When Highmark and Geisinger announced plans to work together last fall, they didn't call it a merger or an acquisition. Instead, they said, it was a "strategic partnership."
Geisinger similarly used creative terms for a partnership with Highmark announced last month they referred to as a new "joint venture community-based clinical network."
These looser, integrated partnership structures are becoming more common in the world of mergers and acquisitions as organizations seek ways to maintain their independence while combining resources to better serve their markets, according to a recently released report from Kaufman Hall. It also sometimes leads to organizations to more tightly integrate later on.
Those are among the observations of Kaufman Hall's Healthcare Merger & Acquisition Report that found mergers and acquisitions in healthcare dropped off slightly in the first quarter, with 27 transactions compared to the 30 deals announced during the same period in 2018.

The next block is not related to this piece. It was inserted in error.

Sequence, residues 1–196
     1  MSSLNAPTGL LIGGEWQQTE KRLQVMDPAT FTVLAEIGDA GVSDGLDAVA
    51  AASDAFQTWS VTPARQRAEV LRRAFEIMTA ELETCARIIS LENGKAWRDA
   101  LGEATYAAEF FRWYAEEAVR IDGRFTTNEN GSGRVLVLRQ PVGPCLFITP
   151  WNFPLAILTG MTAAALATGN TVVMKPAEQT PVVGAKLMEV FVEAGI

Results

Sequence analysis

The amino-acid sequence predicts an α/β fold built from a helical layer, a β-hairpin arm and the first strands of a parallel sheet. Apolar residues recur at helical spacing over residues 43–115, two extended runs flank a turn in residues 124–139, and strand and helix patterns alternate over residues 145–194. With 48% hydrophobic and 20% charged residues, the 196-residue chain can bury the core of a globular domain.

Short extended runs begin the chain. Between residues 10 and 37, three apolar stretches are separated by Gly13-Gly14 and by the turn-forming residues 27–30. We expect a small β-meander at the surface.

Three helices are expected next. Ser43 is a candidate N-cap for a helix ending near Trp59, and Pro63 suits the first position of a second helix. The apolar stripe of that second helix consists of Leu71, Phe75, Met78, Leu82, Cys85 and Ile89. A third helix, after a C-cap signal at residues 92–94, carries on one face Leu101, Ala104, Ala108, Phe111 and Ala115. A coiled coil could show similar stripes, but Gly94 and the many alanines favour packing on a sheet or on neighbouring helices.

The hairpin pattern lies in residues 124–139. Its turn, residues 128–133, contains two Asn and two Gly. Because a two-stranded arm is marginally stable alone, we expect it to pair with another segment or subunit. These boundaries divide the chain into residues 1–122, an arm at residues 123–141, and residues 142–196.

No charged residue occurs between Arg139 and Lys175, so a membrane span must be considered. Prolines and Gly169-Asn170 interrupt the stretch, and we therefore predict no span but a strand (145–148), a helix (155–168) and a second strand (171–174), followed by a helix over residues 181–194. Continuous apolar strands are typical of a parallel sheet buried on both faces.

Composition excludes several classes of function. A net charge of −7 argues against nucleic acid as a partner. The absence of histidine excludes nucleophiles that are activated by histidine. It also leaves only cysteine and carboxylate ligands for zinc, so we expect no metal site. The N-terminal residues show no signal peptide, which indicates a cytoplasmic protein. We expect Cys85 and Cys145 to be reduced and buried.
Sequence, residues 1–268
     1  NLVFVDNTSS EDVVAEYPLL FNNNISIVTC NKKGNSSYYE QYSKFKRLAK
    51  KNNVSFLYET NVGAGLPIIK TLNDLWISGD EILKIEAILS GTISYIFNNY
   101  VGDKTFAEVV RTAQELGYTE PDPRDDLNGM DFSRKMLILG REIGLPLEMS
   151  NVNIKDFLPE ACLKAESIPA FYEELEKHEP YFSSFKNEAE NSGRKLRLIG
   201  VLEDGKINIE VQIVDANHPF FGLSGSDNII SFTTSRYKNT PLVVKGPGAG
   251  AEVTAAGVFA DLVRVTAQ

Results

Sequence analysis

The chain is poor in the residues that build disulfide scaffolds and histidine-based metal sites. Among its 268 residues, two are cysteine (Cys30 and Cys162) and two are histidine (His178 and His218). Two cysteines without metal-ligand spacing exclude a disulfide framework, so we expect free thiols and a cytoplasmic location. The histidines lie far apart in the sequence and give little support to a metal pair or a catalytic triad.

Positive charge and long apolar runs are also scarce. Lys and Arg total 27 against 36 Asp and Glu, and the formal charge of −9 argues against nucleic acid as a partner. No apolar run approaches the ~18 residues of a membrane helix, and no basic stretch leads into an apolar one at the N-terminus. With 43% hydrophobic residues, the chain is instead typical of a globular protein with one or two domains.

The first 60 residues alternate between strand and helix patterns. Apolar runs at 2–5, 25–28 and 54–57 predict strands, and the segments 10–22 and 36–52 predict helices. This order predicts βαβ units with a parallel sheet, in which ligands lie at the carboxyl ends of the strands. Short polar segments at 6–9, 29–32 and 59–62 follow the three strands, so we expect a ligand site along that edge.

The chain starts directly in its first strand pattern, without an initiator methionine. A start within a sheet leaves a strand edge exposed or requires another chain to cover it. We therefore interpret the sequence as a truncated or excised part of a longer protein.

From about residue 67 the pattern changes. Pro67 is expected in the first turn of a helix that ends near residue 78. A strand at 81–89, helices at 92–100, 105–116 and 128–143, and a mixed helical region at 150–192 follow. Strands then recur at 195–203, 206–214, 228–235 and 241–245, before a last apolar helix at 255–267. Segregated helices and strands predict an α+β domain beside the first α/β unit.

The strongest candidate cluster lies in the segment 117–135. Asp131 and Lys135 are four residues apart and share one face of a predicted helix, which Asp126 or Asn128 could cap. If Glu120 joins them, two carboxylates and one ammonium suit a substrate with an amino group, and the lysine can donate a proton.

There were fewer large-scale transactions in early 2019 compared with early 2018 with a number of the deals involving a seller with revenues of $100 million or less. That resulted in an average size of the seller by revenue of about $196 million. (In comparison, the report points out, average seller size was closer to 409 million.)
Among the top deals:
- University of Pennsylvania Medical Center announced it would acquire Western Maryland Regional Medical Center, expanding its market into Maryland. It came after UPMC and Western Maryland previously entered a clinical affiliation.
- Loyola Medicine and Palos Health in Illinois announced a plan in January for Palos to fully join Loyola Medicine, which is part of Trinity Health. They also previously had a clinical affiliation.
- Dartmouth-Hitchcock Health and GraniteOne Health announced a $2.7 billion merger in January.